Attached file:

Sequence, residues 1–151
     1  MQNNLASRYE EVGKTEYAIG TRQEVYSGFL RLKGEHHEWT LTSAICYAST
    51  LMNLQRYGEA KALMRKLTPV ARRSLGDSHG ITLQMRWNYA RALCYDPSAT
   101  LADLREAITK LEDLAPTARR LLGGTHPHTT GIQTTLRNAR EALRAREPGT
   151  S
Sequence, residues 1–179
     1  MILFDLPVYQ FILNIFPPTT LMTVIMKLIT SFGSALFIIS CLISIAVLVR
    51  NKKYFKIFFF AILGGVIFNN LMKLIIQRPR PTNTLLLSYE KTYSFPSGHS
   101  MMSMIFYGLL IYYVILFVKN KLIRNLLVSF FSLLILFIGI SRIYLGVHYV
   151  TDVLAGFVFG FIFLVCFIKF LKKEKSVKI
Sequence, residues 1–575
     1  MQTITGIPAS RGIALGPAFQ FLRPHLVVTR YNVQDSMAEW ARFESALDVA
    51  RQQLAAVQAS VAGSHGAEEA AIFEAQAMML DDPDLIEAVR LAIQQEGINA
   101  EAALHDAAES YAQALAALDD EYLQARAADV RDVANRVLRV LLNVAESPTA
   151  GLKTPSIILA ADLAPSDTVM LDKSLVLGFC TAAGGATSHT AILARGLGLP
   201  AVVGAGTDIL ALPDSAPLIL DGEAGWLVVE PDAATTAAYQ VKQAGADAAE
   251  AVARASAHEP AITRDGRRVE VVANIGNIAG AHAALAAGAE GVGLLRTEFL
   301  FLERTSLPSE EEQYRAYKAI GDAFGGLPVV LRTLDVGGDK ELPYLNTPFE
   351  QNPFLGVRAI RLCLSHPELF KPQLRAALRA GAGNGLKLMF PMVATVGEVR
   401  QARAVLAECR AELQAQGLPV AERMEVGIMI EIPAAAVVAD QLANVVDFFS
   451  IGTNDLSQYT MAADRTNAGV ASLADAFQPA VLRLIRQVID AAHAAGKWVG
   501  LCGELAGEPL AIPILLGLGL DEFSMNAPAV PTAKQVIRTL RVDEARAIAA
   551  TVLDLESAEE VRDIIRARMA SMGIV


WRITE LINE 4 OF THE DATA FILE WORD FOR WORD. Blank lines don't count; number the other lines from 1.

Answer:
   101  LADLREAITK LEDLAPTARR LLGGTHPHTT GIQTTLRNAR EALRAREPGT